Does your lease require your rent be paid in dollars? Boy, do I have news for you. Read about one of the best kept secrets in Baja California.
Every state in Mexico has its own laws, including a Civil Code (Codigo Civil) which defines the laws by which people can legally conduct business, among many other legal concerns. Many expatriates have sat by the sidelines and watched the peso slide from around 10:1 some ten years ago to the current exchange rate of close to 21:1, while they continued to pay their rent in the dollar amount specified in the lease. It is commonly believed that for a lease which specifies rent in dollars, it is unhinged from any movements in the dollar-peso exchange rate.
Even if your home lease specifies that rent shall be paid in dollars, the Civil Code of Baja California says otherwise. Article 2273 of the Civil Code for the State of Baja California states:
The rent or lease price may be a sum of money or anything else equivalent, provided it is a sum certain and determined.
The agreed rent for leasing a house intended for your residence should be defined in national currency. In the case where it is defined in foreign currency, it shall be understood to be payable in the equivalent amount in local currency at the exchange rate prevailing on the date the respective contract was concluded.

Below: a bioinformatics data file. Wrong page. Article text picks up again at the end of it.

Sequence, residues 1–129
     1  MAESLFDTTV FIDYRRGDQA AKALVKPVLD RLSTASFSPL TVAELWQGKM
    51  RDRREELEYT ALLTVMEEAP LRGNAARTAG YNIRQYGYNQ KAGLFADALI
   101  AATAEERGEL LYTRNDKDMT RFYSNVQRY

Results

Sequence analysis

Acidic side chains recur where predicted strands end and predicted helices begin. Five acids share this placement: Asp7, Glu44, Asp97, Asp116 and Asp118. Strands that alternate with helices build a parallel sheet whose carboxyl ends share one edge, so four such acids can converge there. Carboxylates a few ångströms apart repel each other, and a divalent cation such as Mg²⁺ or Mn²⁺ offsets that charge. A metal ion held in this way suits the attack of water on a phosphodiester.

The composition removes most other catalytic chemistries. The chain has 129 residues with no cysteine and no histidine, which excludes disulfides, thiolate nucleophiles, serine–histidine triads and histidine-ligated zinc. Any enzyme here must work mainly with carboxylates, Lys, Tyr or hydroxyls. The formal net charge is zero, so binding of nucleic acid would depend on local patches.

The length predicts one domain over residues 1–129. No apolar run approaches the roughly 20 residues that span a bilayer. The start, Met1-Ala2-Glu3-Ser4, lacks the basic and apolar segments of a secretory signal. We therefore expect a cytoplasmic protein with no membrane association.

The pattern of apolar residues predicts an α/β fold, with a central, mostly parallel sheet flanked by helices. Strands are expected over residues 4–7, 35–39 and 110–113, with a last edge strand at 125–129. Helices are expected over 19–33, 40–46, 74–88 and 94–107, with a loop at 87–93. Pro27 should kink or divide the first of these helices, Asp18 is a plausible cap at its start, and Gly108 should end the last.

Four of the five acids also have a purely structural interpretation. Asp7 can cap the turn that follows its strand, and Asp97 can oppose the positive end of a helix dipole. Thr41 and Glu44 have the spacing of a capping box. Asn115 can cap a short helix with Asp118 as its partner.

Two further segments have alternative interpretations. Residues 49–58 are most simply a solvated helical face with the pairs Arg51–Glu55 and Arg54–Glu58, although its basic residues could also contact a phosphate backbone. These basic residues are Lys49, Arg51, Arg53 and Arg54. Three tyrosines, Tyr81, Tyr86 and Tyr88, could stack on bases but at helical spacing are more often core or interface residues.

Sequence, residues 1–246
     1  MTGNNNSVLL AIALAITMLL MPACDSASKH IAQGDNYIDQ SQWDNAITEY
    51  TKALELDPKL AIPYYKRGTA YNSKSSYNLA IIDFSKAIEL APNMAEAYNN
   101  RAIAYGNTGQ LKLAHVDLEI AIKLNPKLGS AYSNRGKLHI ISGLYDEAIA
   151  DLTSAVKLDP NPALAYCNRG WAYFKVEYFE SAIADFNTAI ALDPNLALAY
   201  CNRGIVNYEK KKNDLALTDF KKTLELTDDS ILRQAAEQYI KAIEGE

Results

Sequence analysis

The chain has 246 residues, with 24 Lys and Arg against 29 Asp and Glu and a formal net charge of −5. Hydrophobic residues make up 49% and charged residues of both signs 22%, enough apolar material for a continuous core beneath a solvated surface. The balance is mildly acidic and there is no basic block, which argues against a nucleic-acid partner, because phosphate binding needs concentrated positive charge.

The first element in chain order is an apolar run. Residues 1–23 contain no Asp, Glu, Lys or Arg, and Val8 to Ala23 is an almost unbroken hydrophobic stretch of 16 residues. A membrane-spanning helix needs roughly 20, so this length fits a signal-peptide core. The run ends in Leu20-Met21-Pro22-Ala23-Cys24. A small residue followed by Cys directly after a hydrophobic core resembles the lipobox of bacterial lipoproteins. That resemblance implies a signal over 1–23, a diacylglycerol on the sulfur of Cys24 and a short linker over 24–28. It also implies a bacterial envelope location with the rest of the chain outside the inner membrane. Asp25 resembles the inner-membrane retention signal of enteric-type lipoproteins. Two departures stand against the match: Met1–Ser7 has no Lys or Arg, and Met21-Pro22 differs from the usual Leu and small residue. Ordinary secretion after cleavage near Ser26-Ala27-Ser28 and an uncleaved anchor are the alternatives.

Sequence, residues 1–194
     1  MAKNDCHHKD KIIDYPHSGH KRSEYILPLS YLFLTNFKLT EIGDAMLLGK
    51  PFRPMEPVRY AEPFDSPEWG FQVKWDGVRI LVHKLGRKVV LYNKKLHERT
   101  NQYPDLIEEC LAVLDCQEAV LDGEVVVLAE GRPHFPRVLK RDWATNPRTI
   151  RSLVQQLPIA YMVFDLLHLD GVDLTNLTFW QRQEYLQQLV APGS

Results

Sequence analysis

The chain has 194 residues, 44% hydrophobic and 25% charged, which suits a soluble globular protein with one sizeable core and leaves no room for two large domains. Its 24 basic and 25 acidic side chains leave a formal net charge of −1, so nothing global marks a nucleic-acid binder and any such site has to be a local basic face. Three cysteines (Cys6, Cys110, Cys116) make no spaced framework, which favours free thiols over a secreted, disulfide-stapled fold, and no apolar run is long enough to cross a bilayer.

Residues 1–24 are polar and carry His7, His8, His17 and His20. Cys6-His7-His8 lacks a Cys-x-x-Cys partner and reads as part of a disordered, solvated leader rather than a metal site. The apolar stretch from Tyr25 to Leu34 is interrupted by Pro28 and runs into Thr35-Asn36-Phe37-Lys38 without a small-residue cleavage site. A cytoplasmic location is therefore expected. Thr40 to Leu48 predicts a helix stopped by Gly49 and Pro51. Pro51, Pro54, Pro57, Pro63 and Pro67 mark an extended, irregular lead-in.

The above provisions are of public order and social interest and, therefore cannot be waived.
This means, if you have a lease which requires the rent be paid in dollars, you can legally look to the peso exchange rate in existence at the date the lease was executed, and pay a fixed rent in the equivalent amount in pesos. This following graphic is an example of a 4-year home lease signed on January, 1, 2013 for $1,000 dollars per month. It shows the amount the tenant should have paid if Article 2273 was followed:
Do you have to pay your landlord in Mexico in dollars? No, you do not. Aside from Article 2273 of the Civil Code for the State of Baja California, which specifically says rent can be paid in the equivalent amount in local currency, there is also Article 8 of the Monetary Law of the United Mexican States, which says:
Foreign currency shall not be legal tender in the Republic, except in those cases where the law expressly determines otherwise. Payment obligations in foreign currency contracted for within our outside the Republic, to be fulfilled in it, will be settled by delivering the equivalent sum in national currency, at the exchange rate which exists at the place and time payment is made.
Well that summarizes the law for Baja California. Now, getting your landlord to go along with it is entirely another matter!